Hundreds of rioting Muslims attacked Christians in eastern Pakistan on Saturday, burning and looting homes in a rampage that killed six Christians, including a child, and wounded 10 others in the latest violence against minorities in the conservative Muslim country.
The unrest started late Thursday, when members of a banned extremist Muslim organization began torching Christian homes in a village in the Punjabi city of Gojra after allegations that a Quran had been defaced, Federal Minister for Minorities Shahbaz Bhatti said.
Violence flared again Saturday, when shots were fired on a peaceful Muslim rally passing by a Christian neighborhood, said local minister Dost Mohammad Khosa. It remained unclear who fired the shots, he added.
"That made things worse. We are sure some miscreant elements have tried to exploit the situation," he said.
Television footage showed baton-wielding crowds running through the streets, blocking traffic and a railway line. Ransacked furniture lay outside blackened and burning homes, while a group of people rushed a man with burn injuries on a wooden hand-pulled cart through the streets. Gunfire rang out.
Authorities said the six people killed included a child and four women, while Bhatti said about 40 Christian homes had been burned since Thursday.
Kamran Michael, provincial minister for minorities, said the situation remained tense into the night, although police had dispersed the mob. He said negotiations were under way between government officials, representatives from the minority community and the villagers.
Michael said he feared the death toll could rise as crews cleared the debris of burned houses. He said 10 people had been wounded, four by gunshots, and two of those were in critical condition.
Paramilitary troops were sent to Gojra to help police control the situation, Interior Minister Rehman Malik said, amid allegations the police had failed to respond quickly enough to prevent the violence from escalating.
"Usually, Muslims and Christians live together peacefully. There have been some miscreants involved in this incident. We are investigating that," Malik said.
Christians make up a tiny minority of Pakistan's predominantly Sunni Muslim population of 160 million people. Although the two communities generally live peacefully, Muslim radicals have periodically targeted churches and Christians.
Minorities also face intimidation mainly due to discriminatory laws, including one that carries the death penalty for using derogatory language against Islam, the Quran and the Prophet Mohammad. This law is often misused to settle personal scores and rivalries.
"The religious riots ... are frightening, where Islamic religious zealots have taken the law into their own hands," Mehdi Hassan, deputy head of the Human Rights Commission of Pakistan, said in a statement.
"Islamic militants from outside the village (have) created an atmosphere of fear and (have) destroyed and burnt property using firearms and explosive," the statement said, and urged authorities to intervene to save the lives of Christians in the area.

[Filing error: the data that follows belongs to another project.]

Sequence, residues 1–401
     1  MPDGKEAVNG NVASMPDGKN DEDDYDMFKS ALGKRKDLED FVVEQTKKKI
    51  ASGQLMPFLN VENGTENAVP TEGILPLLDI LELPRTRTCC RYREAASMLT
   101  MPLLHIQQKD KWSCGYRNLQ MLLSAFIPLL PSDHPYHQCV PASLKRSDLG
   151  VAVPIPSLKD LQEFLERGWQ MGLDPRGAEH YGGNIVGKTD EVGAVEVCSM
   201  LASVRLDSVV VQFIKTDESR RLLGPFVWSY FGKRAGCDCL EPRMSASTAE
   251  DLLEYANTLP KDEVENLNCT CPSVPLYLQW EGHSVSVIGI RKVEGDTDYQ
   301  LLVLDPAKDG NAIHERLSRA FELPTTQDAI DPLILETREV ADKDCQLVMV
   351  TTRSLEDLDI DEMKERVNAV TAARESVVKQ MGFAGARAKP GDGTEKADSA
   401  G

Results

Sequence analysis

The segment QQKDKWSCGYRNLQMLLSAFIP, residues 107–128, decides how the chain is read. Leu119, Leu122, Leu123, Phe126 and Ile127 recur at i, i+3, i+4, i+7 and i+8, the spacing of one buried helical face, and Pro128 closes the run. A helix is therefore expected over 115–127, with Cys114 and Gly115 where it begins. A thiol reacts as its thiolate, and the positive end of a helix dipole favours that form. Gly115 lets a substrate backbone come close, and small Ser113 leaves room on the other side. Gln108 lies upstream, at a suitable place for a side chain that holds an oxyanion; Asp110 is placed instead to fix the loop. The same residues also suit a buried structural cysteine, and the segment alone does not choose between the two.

Bhatti, the minorities minister, said there was no truth in the allegations that a Quran had been defaced. He accused the police of ignoring his appeal to provide protection to Christians under threat.
Bhatti said the attackers belonged to the banned Sipah-e-Sahaba group, which is accused of attacks against security forces and of carrying out bombings at public places in recent years.
Elsewhere, police officials said Saturday they had arrested a member of an outlawed al-Qaida-linked group that was suspected of involvement in the 2002 beheading of Wall Street Journal reporter Daniel Pearl.
Rao Shakir, a purported member of Lashkar-e-Jhangvi, an offshoot of Sipah-e-Sahaba, was arrested on the outskirts of Islamabad late Friday, a police official said.
The official spoke on condition of anonymity because he was not authorized to release the information.
Lashkar-e-Jhangvi is a banned Sunni Muslim militant group linked to both the Taliban and al-Qaida and has been blamed for killing scores of minority Shiites across Pakistan.
Its members have been accused of attacks against Westerners in Karachi, including Pearl's killing and the September 2008 truck bombing of the Marriott hotel in Islamabad.
The group is also believed responsible for two failed assassination attempts against Pakistan's former military ruler, Pervez Musharraf, as well as for several suicide bombings, including one that targeted a bus of Pakistan's premier spy agency, the ISI.
Another investigator, who spoke on condition of anonymity for the same reason, said police were questioning Shakir over five bombings. He said authorities believe he is also responsible for facilitating other terrorist attacks and for providing safe houses for militants.
Pearl was abducted in Karachi in 2002 while researching a story on Islamic militancy. His remains were later found in a shallow grave on the eastern outskirts of the city.